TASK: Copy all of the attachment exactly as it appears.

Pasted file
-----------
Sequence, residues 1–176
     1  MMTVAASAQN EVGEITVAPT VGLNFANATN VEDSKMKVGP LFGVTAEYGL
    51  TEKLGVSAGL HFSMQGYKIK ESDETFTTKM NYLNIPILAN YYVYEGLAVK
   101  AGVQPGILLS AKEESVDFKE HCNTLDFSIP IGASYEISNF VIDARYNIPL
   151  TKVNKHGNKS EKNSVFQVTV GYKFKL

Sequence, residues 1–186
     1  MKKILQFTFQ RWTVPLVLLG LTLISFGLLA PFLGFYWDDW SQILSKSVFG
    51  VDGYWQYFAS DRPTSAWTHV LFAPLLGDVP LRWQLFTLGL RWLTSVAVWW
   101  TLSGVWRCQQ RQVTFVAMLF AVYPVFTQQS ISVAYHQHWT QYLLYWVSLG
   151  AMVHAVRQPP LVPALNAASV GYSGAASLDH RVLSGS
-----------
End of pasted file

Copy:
Sequence, residues 1–176
     1  MMTVAASAQN EVGEITVAPT VGLNFANATN VEDSKMKVGP LFGVTAEYGL
    51  TEKLGVSAGL HFSMQGYKIK ESDETFTTKM NYLNIPILAN YYVYEGLAVK
   101  AGVQPGILLS AKEESVDFKE HCNTLDFSIP IGASYEISNF VIDARYNIPL
   151  TKVNKHGNKS EKNSVFQVTV GYKFKL

Sequence, residues 1–186
     1  MKKILQFTFQ RWTVPLVLLG LTLISFGLLA PFLGFYWDDW SQILSKSVFG
    51  VDGYWQYFAS DRPTSAWTHV LFAPLLGDVP LRWQLFTLGL RWLTSVAVWW
   101  TLSGVWRCQQ RQVTFVAMLF AVYPVFTQQS ISVAYHQHWT QYLLYWVSLG
   151  AMVHAVRQPP LVPALNAASV GYSGAASLDH RVLSGS